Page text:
There is a strand of Calvinism that teaches that Christ atoned for the only sins of the elect and nothing more—this is called limited atonement—however, it may be more appropriate to call it X-limited atonement. This is a minority view, and one would have to examine each Calvinist and what they wrote and preached to know how they understood Christ’s atoning work on the cross. (I am going to explain what I believe now.)
Because there are such misperceptions concerning what it means to be a Calvinist, it is best not to lump anyone and everyone who espouses some association with Calvinism into one category. Certainly, John Calvin and Charles Spurgeon would not agree with each other on every point, yet both are referred to as Calvinists.
So we need to be careful in putting people into a box. Baptists have stood for soul competency and the right of every human being to form their own opinions concerning religion and their interpretation of religious writings—most especially the Bible. We should do that today. The definition of a heretic is NOT someone who disagrees with me. Heresy has some very narrow criteria and how one understands the atoning work of Christ does not fall into that narrow criterion; nevertheless, the doctrine is important and it is appropriate to think about it and be able to articulate what you believe about Christ’s work on the Christ.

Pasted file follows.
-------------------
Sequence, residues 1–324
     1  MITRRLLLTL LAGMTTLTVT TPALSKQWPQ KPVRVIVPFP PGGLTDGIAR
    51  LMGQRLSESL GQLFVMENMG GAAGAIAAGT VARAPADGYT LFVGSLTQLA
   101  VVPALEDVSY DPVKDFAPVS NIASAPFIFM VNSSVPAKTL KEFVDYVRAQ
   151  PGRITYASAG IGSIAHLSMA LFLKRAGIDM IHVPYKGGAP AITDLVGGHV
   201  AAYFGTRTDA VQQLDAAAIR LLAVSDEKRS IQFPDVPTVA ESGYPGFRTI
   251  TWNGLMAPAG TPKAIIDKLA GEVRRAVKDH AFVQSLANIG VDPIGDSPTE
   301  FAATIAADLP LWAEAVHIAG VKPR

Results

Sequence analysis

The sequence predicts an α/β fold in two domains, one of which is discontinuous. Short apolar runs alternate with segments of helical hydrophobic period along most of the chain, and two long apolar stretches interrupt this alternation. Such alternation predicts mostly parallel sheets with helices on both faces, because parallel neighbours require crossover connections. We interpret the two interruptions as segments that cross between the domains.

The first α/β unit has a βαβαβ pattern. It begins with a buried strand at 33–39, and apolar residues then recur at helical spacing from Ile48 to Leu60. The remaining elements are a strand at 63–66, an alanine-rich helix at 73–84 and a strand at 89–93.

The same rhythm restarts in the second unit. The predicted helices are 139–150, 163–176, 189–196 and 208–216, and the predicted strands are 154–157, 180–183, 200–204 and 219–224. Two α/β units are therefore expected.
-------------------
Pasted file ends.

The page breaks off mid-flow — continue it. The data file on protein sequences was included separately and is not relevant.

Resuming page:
To those who suggest or teach that Christ died exclusively for the sins of only the elect, 1 John 2:2 is a problem.
1 John 2.2 states that Jesus “is the propitiation for our sins: and not for ours only, for also for the sins of the whole world.”
Now that is exceptionally clear. In fact, it is overwhelmingly clear. Nothing stands in the way of the greatest sinner being saved but his own refusal to repent and believe the gospel—there isn’t anyone on the planet who would like to be born-again, but the problem is that Jesus didn’t die for them. Let me say that again. There isn’t and never will be anyone who desires to be born-again, and it is impossible because Christ didn’t die for them.
The Apostle John understood that Christ’s atoning work on the cross was for the sins of the whole world.
Jesus is the propitiation. What does John mean by propitiation? Propitiation describes Jesus’ atoning work as the sacrifice for sin. It communicates that Christ absorbed God’s wrath against sin in place of the elect, where the elect are defined as all those who are in Christ (past, present and future).
How sufficient was the atonement? How much of a debt can it pay? How many could be freed because of it? When the sinless Son of God died for sin how sufficient is that? Is it sufficient only for the elect? Was it limited to some huge number to something power?
Certainly God knew at the moment He was punishing Christ—in my place—the exact number of the elect. He knew and has always known who would believe, yet this isn’t the limit! This isn’t the limit in sufficiency. John also wrote: For God so loved the world that He gave His only begotten son that whosoever believeth in him should not perish, but have everlasting life.